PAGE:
Tribeca: Pastor Jay says, “To be human is to serve and learn from your neighbor.” It’s incredibly ironic that this mantra complicated his life in ways he’d never imagined. What do you think he learned over the course of this documentary?
JM: He’s such a tragic subject or character because his compassion is what ultimately drove him to do what he did. That’s extraordinary. Most of us wouldn’t defy everybody in our life to help people. However, that compassion and the risks he felt compelled to take led to his eventual downfall. In the documentary, he says something like “let your neighbor change your life,” but I don’t think he ever expected that things would end the way they did. He opened his heart to people in need, and his life will never be the same. I feel fortunate that I was there at this moment in that small Town to witness this story.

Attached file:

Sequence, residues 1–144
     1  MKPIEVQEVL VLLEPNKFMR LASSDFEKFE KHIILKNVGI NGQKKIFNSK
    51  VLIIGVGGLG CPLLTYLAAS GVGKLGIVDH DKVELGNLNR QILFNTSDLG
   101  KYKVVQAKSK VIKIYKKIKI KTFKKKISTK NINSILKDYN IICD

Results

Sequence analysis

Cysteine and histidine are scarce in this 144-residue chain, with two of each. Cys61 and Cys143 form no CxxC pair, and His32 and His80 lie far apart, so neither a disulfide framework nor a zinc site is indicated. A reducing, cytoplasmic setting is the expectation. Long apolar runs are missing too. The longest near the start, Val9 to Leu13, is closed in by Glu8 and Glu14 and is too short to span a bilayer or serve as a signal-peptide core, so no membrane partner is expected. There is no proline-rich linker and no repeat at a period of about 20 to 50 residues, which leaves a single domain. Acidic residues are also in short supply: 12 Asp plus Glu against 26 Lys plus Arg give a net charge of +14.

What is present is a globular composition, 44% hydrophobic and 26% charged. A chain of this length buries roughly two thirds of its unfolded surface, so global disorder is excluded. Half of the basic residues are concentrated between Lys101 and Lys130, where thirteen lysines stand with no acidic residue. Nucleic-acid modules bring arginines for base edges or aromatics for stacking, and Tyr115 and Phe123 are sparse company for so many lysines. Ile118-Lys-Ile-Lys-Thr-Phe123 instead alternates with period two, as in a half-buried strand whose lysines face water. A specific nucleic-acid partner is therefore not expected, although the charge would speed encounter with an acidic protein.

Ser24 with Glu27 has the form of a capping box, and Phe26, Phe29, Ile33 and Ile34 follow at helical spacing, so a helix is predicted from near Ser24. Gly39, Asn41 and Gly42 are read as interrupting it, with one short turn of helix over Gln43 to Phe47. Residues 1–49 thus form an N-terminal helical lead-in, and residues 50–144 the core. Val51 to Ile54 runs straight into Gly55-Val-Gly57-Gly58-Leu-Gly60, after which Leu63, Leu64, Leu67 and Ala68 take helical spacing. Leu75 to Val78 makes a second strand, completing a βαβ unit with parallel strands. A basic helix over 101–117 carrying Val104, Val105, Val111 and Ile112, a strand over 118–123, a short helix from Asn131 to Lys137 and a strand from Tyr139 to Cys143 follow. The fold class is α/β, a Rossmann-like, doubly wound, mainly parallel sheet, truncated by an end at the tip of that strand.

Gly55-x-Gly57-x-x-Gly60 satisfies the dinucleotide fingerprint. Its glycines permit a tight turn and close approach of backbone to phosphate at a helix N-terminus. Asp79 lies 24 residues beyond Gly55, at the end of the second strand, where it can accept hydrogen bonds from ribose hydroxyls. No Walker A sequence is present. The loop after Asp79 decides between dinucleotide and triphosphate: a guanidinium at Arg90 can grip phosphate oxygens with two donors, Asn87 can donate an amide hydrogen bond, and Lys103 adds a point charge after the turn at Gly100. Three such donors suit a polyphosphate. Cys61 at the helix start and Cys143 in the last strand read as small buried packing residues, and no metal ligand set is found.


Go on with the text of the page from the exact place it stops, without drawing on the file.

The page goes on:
I didn’t want to make a movie about a martyr or a saint and Jay never held himself up as either. He’s a man that just found himself in a remarkable situation.
Tribeca: Looking back, would he have done anything differently?
JM: I can’t really answer that question. The experience changed him in so many profound ways. He cannot go back to who he was or what he was. He’s a man of huge contradictions, and these events really unlocked all of these dimensions within him. When I screen the film, people always want to know what Jay is doing. I like to say that he’s on a journey.